2012 Camry Hybrid XLE Sedan
My week with the 2012 Camry Hybrid was decidedly uneventful and that’s not a bad thing. The Toyota Camry has, since its inception, been the pantheon of practicality. On the road it’s pleasant and relaxed the perfect car for those who care more for the destination than the journey.
Outside, I immediately recognized the Camry’s new look to be a vast improvement over its predecessor. The front end has been smoothed out and the decklid has been squared off, the resulting look is much cleaner. Overall, it’s a much more handsome Camry.
The Camry’s interior was a bit of mixed bag. Several varieties of plastic are splattered about the cabin and the French-stitched dashboard cover looks out-of-place almost as if it’s an attempt to take your mind off the cheaper materials around it. The car fails to provide the warm feeling interior that the mid to late 90s and early 2000 vehicles did so well.
The car I drove was equipped with Toyota’s Entune system, which uses a smartphone’s data connection to run apps like Bing, Pandora and OpenTable. The system works well and the in-car internet is optimized nicely for functionality on the go. Many cars these days are ditching physical buttons altogether for touch screens, thankfully the Camry retains a plethora of buttons around its screen to allow for use by gloved hands or touch and feel navigation.
On the road the Camry doesn’t pipe engine and tire noise into the cabin, though there was some wind noise above 50 mph. Overall, the ride is exactly what one expects from a Camry; pleasant and relaxed. Highway cruising is comfortable and the suspension and steering soften the road nicely for mindless driving. Acceleration in the Camry is readily on tap even in the energy saving Eco mode. When it comes to the twisties the Camry corners about as well as you would expect given its near-3,500-pound curb weight.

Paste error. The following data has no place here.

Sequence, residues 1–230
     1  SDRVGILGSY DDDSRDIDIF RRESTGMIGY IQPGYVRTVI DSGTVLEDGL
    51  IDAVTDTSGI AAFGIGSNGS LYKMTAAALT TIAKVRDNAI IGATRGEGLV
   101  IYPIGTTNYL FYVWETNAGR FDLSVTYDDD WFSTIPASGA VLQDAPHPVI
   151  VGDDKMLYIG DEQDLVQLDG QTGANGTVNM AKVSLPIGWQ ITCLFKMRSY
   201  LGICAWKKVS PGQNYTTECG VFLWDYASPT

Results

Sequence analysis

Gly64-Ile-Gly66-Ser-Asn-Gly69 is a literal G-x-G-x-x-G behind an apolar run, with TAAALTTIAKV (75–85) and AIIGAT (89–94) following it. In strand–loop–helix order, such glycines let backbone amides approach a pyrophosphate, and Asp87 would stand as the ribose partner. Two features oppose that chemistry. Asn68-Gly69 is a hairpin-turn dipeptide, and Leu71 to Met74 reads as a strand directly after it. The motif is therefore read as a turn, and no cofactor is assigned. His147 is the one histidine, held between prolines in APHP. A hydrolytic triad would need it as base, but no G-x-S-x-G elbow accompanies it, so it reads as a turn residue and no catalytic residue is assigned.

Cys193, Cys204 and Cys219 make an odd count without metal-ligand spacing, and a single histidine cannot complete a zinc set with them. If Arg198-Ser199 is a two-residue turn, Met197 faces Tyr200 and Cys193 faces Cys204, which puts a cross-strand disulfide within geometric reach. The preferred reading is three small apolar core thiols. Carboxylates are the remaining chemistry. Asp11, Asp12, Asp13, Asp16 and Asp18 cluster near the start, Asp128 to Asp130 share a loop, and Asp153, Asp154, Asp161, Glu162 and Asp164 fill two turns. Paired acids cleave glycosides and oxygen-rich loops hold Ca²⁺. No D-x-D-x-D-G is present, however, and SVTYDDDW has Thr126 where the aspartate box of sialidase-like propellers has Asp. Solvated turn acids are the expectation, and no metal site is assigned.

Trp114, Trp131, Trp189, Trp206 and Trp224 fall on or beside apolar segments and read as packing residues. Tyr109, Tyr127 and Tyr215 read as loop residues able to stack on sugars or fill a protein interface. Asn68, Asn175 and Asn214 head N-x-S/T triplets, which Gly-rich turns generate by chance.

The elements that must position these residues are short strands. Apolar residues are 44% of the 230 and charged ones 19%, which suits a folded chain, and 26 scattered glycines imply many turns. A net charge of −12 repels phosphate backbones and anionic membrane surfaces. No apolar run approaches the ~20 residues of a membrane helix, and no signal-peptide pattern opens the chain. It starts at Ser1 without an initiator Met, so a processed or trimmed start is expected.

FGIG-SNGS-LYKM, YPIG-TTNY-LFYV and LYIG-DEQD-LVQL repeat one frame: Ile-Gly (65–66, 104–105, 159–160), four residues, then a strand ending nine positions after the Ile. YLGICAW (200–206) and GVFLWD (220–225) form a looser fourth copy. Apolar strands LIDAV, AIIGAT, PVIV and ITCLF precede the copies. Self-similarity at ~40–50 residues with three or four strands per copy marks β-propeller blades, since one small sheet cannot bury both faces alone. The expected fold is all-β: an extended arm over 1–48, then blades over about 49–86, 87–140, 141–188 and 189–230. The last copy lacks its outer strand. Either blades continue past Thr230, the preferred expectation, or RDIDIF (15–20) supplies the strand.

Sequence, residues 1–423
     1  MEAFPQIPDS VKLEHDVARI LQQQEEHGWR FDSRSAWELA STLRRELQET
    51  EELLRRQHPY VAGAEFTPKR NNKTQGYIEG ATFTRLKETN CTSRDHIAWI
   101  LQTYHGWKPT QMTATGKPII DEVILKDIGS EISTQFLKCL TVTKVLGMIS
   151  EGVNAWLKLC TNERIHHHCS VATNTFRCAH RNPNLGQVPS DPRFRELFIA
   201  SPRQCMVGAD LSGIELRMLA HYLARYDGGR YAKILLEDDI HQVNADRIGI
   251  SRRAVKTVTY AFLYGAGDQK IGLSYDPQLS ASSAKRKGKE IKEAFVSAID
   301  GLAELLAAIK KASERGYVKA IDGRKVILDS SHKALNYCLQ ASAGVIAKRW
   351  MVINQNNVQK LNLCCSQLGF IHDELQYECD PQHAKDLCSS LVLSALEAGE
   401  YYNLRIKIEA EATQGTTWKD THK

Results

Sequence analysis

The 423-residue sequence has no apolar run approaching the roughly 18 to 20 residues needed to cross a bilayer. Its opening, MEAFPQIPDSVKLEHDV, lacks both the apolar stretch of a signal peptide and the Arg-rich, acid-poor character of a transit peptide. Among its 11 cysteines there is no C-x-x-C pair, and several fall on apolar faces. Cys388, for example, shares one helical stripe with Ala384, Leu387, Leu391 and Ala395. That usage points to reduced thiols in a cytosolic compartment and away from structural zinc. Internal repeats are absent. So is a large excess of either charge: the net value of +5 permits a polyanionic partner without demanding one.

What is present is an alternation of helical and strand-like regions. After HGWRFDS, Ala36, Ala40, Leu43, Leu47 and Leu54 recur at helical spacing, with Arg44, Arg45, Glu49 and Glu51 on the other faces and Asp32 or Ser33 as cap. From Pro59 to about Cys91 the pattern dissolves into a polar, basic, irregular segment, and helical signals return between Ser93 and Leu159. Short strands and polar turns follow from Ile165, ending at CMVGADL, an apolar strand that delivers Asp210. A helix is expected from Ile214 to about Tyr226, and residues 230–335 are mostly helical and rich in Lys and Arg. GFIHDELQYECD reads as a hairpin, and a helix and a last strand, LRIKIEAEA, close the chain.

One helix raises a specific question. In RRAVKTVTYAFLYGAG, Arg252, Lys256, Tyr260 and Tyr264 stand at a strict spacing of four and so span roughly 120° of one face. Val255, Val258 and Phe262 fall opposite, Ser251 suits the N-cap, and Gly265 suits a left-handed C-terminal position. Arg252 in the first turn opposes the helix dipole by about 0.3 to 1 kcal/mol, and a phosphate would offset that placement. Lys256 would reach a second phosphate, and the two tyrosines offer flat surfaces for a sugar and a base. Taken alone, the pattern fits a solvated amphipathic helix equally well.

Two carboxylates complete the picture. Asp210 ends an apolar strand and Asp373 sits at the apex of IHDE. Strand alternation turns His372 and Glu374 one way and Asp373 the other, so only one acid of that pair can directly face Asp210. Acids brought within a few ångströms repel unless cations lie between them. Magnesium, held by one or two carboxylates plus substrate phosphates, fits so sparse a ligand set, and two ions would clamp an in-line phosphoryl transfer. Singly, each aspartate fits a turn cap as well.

The Carmy’s Hybrid Synergy Drive effortlessly transitions between battery and internal combustion with hardly any noticeable difference to the driver. During my week of testing the Camry Hybrid managed a respectable 39 mpg.
The inclusion of batteries in the Camry does have its drawbacks. Although the car has an ample supply of cubbyholes and storage areas throughout, the location of the hybrid’s batteries disallows folding of the rear seats. A huge drawback for hauling home Ikea purchases.
This is where I begin to question what role the Camry Hybrid plays in the Toyota lineup. The similarly priced Prius V offers a very similar driving experience and nearly the same fuel economy as the Camry. It provided plenty of storage room in the backseat and trunk. The only palpable difference between the two is that the Camry is about 2 inches wider. Overall, the Camry Hybrid just seems like an odd man out. The Prius V is, in my opinion, a more practical vehicle.
The Camry is exactly what it promises: a comfortable, roomy sedan with stellar fuel economy.
The Camry’s detractors often will say, “anything that’s popular must also be pedestrian.” Honestly, it’s true. The 2012 Camry Hybrid won’t get your heart racing, but it will serve up a comfortable, stylish, and fuel efficient ride and given the Camry’s very strong track record you know it will be around for the long haul, there’s not a thing wrong with that.